Excellent hard-boiled detective yarn, with a plot vaguely reminiscent of the 1950 film noir thriller Where Danger Lives. A down-at-the-heels private eye, a dangerous dame, snappy dialog, a touch of comedy, some deft characterization and a surprisingly grim denouement -- really, what more could you ask for?
Although Binary is in the main quite well-written, there's one big problem with basing a science-fiction novel on one of the most well-known Shakespearian tragedies: Once the reader realizes the plot is lifted almost scene-for-scene from King Lear, there just aren't any big surprises. You know what's going to happen with the main characters, although the author fudges it a bit for one of them so the novel doesn't end on as bleak a note as the original play. Also, you can get away with some things in a Shakespearian drama that just don't work so well in a novel, particularly one that's trying for something more epic in its scope.
Although the basic plot is nothing startling, the world this story constructs is well worth checking out. In a post-Apocalyptic wasteland, thousands of years after a nuclear war, humankind survives as scattered nomadic clans constantly at war with each other. What makes this story somewhat unique is the nomads' way of life: each clan builds its own specialized armed and armored vehicles patterned on some form of insect or arachnid, creating a sort of bizarre mechanized Road Warrior-ish bug pseudo-ecology with hints of the Plains Indians thrown into the mix. Existence is a dire, never-ending struggle between the clans for scarce resources, especially fuel and water. But will the clans recognize a new threat to them all in time to unite against it? Okay, this is 1950s-style pulp sf, so I think we all know the answer to that one, but it\'s still worth a read.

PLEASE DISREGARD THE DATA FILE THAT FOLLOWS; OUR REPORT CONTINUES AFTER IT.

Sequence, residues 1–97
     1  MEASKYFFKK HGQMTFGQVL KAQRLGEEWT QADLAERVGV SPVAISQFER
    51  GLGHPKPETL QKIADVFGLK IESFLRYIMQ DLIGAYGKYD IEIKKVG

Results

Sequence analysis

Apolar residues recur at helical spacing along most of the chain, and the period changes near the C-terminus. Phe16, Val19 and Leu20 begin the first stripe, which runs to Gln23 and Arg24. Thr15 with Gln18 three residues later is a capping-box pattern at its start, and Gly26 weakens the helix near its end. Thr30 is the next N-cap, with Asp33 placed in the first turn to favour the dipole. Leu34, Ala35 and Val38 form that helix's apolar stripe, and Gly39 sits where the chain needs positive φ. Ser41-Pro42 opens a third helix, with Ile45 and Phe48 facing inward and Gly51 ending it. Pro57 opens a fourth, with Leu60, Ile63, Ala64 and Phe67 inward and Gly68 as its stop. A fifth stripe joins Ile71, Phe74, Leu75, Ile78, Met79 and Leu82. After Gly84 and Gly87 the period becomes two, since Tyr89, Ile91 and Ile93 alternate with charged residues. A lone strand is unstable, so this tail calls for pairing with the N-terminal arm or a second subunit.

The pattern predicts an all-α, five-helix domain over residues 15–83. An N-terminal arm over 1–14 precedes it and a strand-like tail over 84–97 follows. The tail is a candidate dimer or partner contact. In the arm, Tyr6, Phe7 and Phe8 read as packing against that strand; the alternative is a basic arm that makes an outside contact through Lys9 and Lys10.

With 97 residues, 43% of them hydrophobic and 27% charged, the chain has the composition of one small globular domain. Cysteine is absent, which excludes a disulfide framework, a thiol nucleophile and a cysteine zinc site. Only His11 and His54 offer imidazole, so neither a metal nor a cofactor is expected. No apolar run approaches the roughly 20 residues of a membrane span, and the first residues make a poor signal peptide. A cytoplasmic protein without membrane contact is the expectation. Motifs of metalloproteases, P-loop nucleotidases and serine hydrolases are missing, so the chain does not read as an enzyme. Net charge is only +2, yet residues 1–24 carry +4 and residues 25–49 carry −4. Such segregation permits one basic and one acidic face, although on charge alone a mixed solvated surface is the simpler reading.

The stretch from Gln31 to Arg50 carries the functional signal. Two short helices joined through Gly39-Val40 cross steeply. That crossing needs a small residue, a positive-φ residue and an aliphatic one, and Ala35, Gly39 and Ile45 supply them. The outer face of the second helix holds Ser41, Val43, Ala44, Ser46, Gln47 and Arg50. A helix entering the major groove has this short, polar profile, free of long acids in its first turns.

More interesting for its concepts than its characters (in fact, the most engaging personality in the story is the immature AI, Snookums). However, there are enough original ideas here to make it a worthwhile read.